The market is not looking particularly cheap right now, but that doesn't mean you can't still find pockets of value. Here are three stocks that look like great values on a price-to-free-cash-flow (FCF) basis.


German industrial giant Siemens (SIEGY -1.12%) sports a 2.6% dividend yield and generates bundles of cash flow. In addition, its industrial growth businesses offer a lot to investors. Its automation, industrial software, and smart building solutions offer exciting growth prospects. All these solutions are beneficiaries of the so-called fourth industrial revolution -- the trend toward digitizing factories and connecting physical assets to the digital world.

A factory worker using a connected device.

Image source: Getty Images.

Meanwhile, Siemens' majority holding in healthcare giant Siemens Healthineers gives it stability during periods of economic weakness. Its FCF can be used to support investment in more cyclical industrial businesses. Siemens' mobility business (rolling stock, rail infrastructure, customer services) gives the company solid FCF and diversification in its income stream.

Using Wall Street analysts' estimates, Siemens is currently trading at just 17 times 2021 FCF. Moreover, the bond markets like the company so much that it's been able to issue debt with negative yields in the past. That all adds up to a compelling proposition for long-term investors.

Goodyear's consolidation play

Auto parts stocks have underperformed the market in recent years. The reason probably comes down to their exposure to slowing automotive production. Most automotive suppliers are combinations of aftermarket parts and original equipment (OEM). The aftermarket is relatively low-growth, and the OEM market is relatively low-growth and cyclical.

However, there's a strong case that Goodyear's (GT -1.52%) valuation is too low when you look at it in terms of expected free cash flow. The key to the investment thesis is its mid-2021 acquisition of Cooper Tires. The deal strengthens Goodyear's presence in the U.S. replacement market and the China OEM market, where Cooper is relatively more robust.

A service technician fitting a new tire.

Image source: Getty Images.

In addition, management believes the merger of Goodyear's and Cooper's operations will enable it to generate $165 million in annual cost synergies within two years. Those cost savings will drop down into improved earnings and FCF for Goodyear. Based on 2019 figures, and assuming the $165 million in synergies, the new Goodyear would have generated $690 million in FCF in 2019.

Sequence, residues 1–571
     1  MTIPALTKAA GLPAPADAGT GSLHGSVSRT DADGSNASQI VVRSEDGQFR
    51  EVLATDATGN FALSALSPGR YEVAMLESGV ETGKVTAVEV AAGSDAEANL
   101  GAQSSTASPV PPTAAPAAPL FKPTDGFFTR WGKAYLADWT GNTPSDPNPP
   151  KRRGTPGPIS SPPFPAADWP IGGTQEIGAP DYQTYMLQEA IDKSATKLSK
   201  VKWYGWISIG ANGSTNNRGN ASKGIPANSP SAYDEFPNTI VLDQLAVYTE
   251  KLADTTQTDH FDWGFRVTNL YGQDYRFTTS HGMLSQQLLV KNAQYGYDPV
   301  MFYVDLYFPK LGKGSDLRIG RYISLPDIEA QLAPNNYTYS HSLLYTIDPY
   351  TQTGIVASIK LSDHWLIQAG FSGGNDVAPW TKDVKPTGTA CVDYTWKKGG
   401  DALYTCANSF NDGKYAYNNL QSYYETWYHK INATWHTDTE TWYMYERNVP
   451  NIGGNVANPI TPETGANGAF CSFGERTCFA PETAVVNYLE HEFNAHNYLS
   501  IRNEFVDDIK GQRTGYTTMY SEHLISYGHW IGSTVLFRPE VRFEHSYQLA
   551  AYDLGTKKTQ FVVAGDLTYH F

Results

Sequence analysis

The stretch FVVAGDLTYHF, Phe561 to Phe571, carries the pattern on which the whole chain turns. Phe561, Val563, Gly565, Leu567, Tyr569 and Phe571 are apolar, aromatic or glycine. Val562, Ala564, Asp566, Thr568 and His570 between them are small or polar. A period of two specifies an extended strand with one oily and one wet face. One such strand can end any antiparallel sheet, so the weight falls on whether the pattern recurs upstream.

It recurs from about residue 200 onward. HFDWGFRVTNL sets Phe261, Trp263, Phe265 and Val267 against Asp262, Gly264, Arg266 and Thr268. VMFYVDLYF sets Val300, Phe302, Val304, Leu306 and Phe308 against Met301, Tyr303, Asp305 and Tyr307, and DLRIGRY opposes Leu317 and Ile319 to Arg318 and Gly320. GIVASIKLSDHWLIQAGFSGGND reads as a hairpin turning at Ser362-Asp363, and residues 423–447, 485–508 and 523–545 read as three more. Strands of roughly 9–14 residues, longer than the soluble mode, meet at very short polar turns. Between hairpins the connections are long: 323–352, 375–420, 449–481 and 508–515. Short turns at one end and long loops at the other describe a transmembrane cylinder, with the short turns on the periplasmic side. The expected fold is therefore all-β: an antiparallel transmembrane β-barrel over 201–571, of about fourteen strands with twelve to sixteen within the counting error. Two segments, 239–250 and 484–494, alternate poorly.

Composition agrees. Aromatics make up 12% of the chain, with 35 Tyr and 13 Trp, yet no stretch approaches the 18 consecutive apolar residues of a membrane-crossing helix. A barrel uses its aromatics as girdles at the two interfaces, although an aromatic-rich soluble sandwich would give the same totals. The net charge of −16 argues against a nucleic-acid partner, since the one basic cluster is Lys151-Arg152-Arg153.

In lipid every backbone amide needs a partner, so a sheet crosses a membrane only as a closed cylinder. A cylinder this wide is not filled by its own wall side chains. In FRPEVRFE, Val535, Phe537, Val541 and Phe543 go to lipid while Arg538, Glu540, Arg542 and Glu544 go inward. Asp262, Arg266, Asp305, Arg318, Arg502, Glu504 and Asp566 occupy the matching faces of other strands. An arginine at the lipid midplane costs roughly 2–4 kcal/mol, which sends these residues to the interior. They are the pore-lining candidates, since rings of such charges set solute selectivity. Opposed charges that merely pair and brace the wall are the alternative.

Moreover, Wall Street analysts have Goodyear generating slightly more than $700 million in FCF in 2022. Based on the current market cap of $5.28 billion, the stock would trade at just 7.5 times FCF in 2022. That valuation looks too low, especially considering that 80% of Goodyear's sales go to the replacement market.

Two electrifying stocks

I'm lumping these two together because they have similar investment theses. In addition, both companies are plays in the "electrification of the economy." Whether through electric cars, industrial automation, smart buildings (see Siemens above), data and networking, renewable energy (transmission and distribution), or transportation, the global economy is electrifying.

nVent (NVT -0.50%) focuses on connection and protection products (enclosures, fastenings systems, and thermal management solutions). Admittedly, it's pretty mundane and low-ticket stuff, but that's part of the attraction of buying the stock. In a nutshell, nVent's products are essential to protecting equipment and enabling customers to meet regulatory standards. They are also not the kind of expenditures that customers look to cut in a slowdown.

An electrician working on an electrical junction.

Image source: Getty Images.

Management believes it can grow revenue at a rate of 1%-2% plus GDP over the long term, a figure probably equivalent to mid-single-digit revenue growth and EPS growth of 7%-10%. Trading at around 17 times estimated FCF in 2021, nVent remains a good value.

Hubbell (HUBB 0.36%) manufactures electrical, lighting, and power components used across wide swathes of end markets, including commercial, industrial, residential buildings, data centers, and electric grids. As such, it's a play on electrification, and in particular spending on electrical transmission and distribution.

In addition, it's a market driven by the need to upgrade aging infrastructure and build out grids for renewable energy projects. Trading at less than 20 times estimated 2021 FCF, Hubbell is also a good value for investors.